The Tulsa Race Riot was Omitted but Now Rarely Mentioned in Our History Books

The Tulsa Race Massacre, also known as the Tulsa Race Riot remains one of the worst incidents of racial violence in U.S. history, and one that is not told in our history books. With Tulsa being segregated by the north and south, there was only one place to go if you were black and wanted to establish a name for yourself. The Greenwood District, also known as the Mecca for black enterprise and “Black Wall Street” as the community had more than 300 black-owned businesses. This including two theaters, doctors, pharmacists, and even a pilot who owned his own private airplane. Booker T. Washington coined Greenwood the term “Negro Wall Street of America.”

Occurred over 18 hours on May 31-June 1, 1921, a white mob attacked residents, homes and businesses in the predominantly black neighborhood called Greenwood in Tulsa, Oklahoma.

This photo was taken from on top of the Santa Fe Freight office at 1st St. and Elgin Ave., showing the fires on Archer towards Greenwood.
This image is used with permission of Department of Special Collections and University Archives, McFarlin Library, University of Tulsa.

The Incident

On May 30, 1921, a young 19 year old black teenager named Dick Rowland entered an elevator at the Drexel Building to use the bathroom, an office building on South Main Street in Tulsa. Only one floor was open to blacks. The elevator operator was a young white female by the name of Sarah Page who was 17 years old. According to Rowland, he tried to get on the elevator and tripped, grabbing onto the woman operator. After the elevator closed, Ms. Page ran out screaming while Rowland ran away. A white store clerk reported the incident to police as an assault after seeing Rowland run. 

“A few minutes later he entered the elevator she claimed,, and attacked her, scratching her hands and face and tearing her clothes. Her screams brought clerk from Renberg’s store to her assistance, and the negro fled.”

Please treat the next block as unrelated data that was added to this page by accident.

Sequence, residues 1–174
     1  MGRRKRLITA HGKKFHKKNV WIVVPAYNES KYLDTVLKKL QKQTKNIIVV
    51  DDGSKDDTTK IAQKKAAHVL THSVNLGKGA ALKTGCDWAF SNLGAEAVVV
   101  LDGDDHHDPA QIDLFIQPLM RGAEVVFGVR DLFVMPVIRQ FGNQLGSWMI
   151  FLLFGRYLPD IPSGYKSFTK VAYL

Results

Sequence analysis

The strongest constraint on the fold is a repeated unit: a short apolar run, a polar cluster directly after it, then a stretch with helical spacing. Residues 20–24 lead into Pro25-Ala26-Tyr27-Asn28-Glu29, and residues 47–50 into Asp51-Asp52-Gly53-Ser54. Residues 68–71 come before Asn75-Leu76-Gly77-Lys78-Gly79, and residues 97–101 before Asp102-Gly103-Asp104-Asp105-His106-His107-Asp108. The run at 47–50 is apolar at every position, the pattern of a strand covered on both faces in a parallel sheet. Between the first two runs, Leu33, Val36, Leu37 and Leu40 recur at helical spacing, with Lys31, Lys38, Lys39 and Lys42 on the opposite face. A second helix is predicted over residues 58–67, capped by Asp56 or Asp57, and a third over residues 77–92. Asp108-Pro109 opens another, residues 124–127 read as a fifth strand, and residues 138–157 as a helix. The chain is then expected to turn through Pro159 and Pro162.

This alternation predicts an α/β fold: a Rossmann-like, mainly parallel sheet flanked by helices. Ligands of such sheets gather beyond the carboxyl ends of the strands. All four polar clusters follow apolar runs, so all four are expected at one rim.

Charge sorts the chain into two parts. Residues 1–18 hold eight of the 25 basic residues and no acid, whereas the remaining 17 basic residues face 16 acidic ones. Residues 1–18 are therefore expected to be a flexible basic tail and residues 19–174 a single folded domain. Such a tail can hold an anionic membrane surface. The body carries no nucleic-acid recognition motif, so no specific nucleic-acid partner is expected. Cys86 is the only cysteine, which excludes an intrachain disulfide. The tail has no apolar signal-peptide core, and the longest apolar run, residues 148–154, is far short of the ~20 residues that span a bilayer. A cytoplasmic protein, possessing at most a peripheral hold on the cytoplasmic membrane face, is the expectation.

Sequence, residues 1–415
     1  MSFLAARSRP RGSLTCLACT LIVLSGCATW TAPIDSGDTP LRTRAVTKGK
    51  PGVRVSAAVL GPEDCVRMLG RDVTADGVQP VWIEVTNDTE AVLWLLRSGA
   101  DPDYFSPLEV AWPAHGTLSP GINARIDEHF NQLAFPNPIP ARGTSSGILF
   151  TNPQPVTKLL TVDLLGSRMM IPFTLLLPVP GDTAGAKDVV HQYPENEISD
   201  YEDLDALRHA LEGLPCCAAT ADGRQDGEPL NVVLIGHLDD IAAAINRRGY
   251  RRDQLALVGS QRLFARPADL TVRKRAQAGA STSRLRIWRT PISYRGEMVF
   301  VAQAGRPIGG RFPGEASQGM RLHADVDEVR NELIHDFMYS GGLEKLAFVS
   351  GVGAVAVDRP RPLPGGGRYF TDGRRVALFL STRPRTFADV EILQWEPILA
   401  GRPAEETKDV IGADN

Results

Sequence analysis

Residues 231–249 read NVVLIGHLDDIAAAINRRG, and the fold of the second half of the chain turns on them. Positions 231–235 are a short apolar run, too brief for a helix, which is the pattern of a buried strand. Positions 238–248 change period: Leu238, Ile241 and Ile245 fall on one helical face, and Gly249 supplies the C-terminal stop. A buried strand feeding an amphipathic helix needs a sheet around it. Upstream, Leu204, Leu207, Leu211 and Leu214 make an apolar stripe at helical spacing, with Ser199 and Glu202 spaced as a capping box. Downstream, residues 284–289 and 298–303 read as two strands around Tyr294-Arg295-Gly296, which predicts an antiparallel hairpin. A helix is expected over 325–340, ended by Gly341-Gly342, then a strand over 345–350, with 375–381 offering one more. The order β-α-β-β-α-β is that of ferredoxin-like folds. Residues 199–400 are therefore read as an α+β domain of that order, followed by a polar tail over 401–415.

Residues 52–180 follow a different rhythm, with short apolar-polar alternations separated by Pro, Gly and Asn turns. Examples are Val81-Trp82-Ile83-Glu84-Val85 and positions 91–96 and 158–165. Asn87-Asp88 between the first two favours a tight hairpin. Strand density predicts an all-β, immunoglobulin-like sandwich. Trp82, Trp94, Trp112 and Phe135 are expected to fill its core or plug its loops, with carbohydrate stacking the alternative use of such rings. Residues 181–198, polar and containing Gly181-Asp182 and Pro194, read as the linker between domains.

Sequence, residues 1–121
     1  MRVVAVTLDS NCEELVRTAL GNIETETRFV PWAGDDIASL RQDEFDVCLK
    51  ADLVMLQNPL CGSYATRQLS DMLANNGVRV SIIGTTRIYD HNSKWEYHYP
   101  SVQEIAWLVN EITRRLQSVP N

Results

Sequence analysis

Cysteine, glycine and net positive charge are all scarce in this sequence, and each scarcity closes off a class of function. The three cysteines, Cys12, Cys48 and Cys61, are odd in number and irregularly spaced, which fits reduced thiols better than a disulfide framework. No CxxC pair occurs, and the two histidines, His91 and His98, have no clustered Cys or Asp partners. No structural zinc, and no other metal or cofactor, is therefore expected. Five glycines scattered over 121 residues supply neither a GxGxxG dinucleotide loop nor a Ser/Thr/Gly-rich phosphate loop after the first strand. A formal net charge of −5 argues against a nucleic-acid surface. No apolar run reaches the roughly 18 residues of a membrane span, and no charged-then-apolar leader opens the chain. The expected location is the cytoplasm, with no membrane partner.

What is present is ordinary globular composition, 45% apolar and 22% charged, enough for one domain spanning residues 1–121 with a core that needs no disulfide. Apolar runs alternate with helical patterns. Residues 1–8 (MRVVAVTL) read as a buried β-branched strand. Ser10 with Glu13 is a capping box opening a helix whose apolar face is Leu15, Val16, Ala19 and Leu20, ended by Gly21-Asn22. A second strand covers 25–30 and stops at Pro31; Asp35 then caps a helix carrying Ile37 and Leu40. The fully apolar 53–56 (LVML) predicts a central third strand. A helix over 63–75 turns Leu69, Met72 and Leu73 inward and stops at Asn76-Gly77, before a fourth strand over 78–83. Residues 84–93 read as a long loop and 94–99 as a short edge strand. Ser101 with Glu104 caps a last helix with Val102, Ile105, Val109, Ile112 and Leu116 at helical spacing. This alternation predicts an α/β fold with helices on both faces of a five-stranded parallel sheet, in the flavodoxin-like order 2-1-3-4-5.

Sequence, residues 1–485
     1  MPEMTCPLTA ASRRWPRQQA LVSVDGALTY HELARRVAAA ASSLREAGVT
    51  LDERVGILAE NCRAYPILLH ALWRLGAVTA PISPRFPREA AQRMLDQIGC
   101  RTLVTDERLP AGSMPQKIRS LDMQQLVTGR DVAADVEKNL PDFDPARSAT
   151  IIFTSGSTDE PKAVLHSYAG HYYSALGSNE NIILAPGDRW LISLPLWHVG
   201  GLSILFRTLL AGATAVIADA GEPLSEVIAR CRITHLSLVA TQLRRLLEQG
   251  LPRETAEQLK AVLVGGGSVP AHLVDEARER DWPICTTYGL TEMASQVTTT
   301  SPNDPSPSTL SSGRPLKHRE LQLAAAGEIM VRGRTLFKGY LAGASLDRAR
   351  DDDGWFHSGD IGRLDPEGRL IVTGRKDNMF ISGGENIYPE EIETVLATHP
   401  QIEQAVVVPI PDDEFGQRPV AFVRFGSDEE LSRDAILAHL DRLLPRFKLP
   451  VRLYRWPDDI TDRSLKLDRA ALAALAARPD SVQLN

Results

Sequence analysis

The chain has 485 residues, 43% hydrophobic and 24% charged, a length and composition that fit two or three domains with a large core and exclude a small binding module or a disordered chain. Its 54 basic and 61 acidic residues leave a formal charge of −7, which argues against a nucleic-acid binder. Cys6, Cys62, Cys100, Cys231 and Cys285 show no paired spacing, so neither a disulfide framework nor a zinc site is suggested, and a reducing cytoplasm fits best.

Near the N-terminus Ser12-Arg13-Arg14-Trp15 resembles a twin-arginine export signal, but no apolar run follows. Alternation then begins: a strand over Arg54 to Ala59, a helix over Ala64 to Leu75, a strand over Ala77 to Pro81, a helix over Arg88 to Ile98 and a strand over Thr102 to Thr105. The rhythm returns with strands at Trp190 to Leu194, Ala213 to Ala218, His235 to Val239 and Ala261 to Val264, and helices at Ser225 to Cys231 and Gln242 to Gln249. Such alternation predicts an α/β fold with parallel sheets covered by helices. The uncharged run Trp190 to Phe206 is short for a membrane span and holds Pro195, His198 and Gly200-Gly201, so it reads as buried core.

According to the Tulsa Times

Rowland was arrested a few hours later. However, some accounts state that he was arrested the next morning. Page claimed a black man assaulted her, but she didn’t press charges. Instead, the authorities did.

Rumors of what Page said had happened on that elevator had circulated through the city’s white community. It was even on the front page of the Tulsa Tribune and included the name of Dick Rowland. This started outrage in the white community. White outraged citizens demanded that Rowland be released to them so they could lynch him. However, Sheriff Willard McCullough refused and ordered protection of their him.

The Riot

Around 9 p.m., 1,500 whites armed men gathered at the court house. In addition, a group of about 25 black armed gathered outside to try to protect him from being lynched. Some of which were World War I veterans. With both groups being armed, it ended not so well with shots fired. Since the black men were outnumbered they fled the area and headed back to Greenwood.

According to the Tulsa Historical Society and Museum, a white mob started to loot and burn businesses in Greenwood. White people broke into stores in Tulsa to take guns and ammunition so they could head for Greenwood. There were also reports of looting and shooting downtown Tulsa. The white people were given weapons by city officials.

It was on June 1st, and thousands of white citizens gathered into the Greenwood District, looting and burning homes and businesses over an area of 35 city blocks. While six airplanes circled overhead dropping incendiary bombs on black homes and shops. Over 1,256 houses were burned to the ground. They destroyed black businesses. Some included two newspapers, a school, a library, a hospital, churches, hotels, stores and many other black-owned businesses by lighting them on fire and nearly 10,000 people were left homeless. Tulsa Historical Society and Museum believe over 300 black people died. The National Guard arrived and declared martial law shortly before noon. Black Wall Street was destroyed and o June 3rd, Martial law was lifted.

Tulsa Race Riot
National Guard and wounded during 1921 Tulsa race riots.
From Wikimedia Commons

The case against Dick Rowland was dismissed at the end of September 1921. The court dismissed Dick Rowland’s case, followed by the receipt of a letter by the County Attorney from Sarah Page in which she stated that she did not wish to prosecute the case.

The Aftermath

Documents related to the riot disappeared soon afterward. The event never received widespread attention and was long noticeably absent from the history books. However, In 1997 a Tulsa Race Riot Commission was formed by the state of Oklahoma to investigate the riot and formally document the incident. According to the Encyclopedia Britannica, the commission suggested that the state of Oklahoma pay $33 million in restitution. Some of the money would go to the 121 surviving victims who they had located. However, no legislative action was ever taken on the recommendation, and the commission had no power to force legislation.

Also Oklahoma would move forward with embedding the story of the 1921 Tulsa Race Massacre into the curriculum of all Oklahoma schools.

Work Cited

Tulsa Race Massacre – HISTORY.

Tulsa race riot of 1921 | History & Facts | Britannica.

Untold History: Black Wall Street and the Tulsa Race Riots.

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